Lets go back to the code. And up here on line 64. We're accessing the statements num rows property, but because it's unbuffered, it doesn't know how many rows there are. So, what we need to do is to store the result first. So, we call the statement object's store_result method. Save and go back to the browser. Search for ford again. And this time, we get the results that we expected. So, it's important to know that if you're trying to find out the number of results from a prepared statement, you must store the result before you can access the num_rows property.

result before you can access the num_rows property. So, let's just review what we have done. Instead of getting the result directly, and storing it in a mysqli result object, we use the bind_result method on the prepared statement object. That requires as its arguments the variables which you want to bind the results of each column to, and the number of arguments passed to bind_result must be exactly the same as the number of columns in the result set and they must be in the same order.

And if you want to find the number of rows in your result, you need to store the result first using the store_result method, before you can access the num_rows property of the statement. And then, you use the statement's fetch method to fetch the results. Binding the results of a prepared statement to output variables is particularly useful when you've got a lot of columns and you want to embed the values into double quoted strings. It's a lot easier than working all the time with an associative of indexed array.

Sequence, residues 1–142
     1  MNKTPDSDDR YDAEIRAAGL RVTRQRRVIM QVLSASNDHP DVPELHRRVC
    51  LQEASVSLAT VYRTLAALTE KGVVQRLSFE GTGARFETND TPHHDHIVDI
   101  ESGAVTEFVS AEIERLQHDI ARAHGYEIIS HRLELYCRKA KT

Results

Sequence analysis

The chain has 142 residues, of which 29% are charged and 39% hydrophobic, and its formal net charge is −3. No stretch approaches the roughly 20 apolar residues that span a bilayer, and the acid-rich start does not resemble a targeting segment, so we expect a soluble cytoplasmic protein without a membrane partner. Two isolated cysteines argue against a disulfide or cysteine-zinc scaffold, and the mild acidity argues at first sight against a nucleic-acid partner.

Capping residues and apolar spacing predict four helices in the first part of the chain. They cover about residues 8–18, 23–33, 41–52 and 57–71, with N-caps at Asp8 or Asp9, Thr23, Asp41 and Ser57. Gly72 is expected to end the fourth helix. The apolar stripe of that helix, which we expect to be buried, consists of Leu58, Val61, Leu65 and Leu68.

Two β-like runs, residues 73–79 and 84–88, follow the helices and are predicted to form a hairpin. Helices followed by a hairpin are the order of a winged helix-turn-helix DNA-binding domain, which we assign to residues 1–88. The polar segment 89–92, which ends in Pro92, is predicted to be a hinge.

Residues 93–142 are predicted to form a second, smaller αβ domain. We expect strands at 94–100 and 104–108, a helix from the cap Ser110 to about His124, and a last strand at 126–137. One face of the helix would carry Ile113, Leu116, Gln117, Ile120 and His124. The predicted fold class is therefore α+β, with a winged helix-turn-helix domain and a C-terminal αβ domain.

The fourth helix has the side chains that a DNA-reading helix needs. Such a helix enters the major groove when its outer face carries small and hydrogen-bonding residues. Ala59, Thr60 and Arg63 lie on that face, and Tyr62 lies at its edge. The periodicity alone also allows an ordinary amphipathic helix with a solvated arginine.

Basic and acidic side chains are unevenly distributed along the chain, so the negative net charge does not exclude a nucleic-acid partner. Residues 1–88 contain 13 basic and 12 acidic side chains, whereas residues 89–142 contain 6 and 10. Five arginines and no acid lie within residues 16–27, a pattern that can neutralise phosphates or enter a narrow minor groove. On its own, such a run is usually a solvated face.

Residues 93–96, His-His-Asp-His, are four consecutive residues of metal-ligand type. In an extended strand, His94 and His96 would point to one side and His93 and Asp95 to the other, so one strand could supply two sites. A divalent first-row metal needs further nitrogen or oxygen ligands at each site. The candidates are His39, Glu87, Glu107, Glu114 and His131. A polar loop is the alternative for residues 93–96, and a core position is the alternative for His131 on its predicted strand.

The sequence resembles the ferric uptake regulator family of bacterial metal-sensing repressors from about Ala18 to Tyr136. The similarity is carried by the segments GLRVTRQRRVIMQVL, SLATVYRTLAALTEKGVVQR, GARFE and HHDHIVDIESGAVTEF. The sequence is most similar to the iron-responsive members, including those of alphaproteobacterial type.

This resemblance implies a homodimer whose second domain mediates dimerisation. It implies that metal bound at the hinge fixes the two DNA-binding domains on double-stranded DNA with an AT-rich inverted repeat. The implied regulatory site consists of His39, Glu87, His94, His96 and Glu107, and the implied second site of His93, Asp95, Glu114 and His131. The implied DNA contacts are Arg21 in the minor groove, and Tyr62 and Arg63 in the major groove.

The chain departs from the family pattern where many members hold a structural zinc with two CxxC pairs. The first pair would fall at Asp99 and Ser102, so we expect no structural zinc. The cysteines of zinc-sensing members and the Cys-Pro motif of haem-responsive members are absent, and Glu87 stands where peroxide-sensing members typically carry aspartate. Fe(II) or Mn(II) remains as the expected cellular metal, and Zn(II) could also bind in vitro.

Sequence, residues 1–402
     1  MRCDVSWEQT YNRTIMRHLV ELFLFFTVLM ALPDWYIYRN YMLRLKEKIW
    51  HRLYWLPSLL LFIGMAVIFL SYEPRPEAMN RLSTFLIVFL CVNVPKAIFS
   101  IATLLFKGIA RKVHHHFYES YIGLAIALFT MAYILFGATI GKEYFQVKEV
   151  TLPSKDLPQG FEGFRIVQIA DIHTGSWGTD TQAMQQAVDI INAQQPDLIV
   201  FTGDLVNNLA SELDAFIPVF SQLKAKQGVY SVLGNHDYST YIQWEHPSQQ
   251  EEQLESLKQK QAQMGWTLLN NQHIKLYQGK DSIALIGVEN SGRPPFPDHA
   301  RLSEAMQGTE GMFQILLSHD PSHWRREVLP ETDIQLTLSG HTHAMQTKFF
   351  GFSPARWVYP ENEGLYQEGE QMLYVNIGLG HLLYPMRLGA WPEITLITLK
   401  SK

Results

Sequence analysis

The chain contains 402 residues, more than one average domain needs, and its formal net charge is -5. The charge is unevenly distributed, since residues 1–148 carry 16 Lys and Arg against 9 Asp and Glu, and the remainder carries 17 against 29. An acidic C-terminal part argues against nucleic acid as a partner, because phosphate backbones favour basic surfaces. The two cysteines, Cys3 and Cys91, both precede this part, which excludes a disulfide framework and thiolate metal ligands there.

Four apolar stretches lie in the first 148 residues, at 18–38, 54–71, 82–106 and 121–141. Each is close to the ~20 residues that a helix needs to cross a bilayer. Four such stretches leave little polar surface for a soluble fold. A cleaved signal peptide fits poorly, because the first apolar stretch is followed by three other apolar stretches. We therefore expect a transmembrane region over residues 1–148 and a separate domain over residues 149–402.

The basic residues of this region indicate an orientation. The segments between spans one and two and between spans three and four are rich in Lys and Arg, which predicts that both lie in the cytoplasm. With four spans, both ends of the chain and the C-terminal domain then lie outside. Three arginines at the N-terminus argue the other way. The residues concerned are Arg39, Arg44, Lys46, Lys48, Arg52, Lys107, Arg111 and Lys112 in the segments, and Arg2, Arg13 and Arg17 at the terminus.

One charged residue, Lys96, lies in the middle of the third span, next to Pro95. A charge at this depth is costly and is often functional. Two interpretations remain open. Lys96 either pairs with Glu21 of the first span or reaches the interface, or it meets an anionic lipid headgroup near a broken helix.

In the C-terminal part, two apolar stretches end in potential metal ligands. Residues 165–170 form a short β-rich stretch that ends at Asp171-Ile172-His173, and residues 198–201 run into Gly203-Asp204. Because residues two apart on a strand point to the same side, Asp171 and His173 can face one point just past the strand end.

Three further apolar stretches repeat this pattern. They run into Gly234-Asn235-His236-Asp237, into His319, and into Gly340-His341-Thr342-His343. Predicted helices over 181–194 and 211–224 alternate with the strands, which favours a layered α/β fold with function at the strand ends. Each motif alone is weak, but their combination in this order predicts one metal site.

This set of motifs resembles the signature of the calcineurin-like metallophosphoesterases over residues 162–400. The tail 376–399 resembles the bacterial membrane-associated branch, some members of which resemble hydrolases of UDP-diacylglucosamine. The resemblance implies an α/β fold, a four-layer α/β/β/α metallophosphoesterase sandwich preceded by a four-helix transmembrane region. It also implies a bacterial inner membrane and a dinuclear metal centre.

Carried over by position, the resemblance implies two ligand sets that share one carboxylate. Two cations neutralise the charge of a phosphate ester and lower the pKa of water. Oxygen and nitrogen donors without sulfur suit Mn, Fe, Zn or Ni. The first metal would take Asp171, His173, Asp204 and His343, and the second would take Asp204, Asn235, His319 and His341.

In this example, the prepared statement has been used only with a select query, but prepared statements can be used with any other type of query including insert, update, and delete.

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This video is part of

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Accessing Databases with Object-Oriented PHP

47 video lessons · 2731 viewers

David Powers
Author

 
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  1. 13m 33s
    1. Welcome
      1m 4s
    2. What you should know before watching this course
      2m 8s
    3. Using the exercise files
      4m 56s
    4. Setting SQLite permissions
      1m 11s
    5. A quick primer on using PHP objects
      4m 14s
  2. 10m 12s
    1. Overview of PHP database APIs
      4m 5s
    2. Using prepared statements
      4m 24s
    3. Using transactions
      1m 43s
  3. 48m 57s
    1. Creating a database source name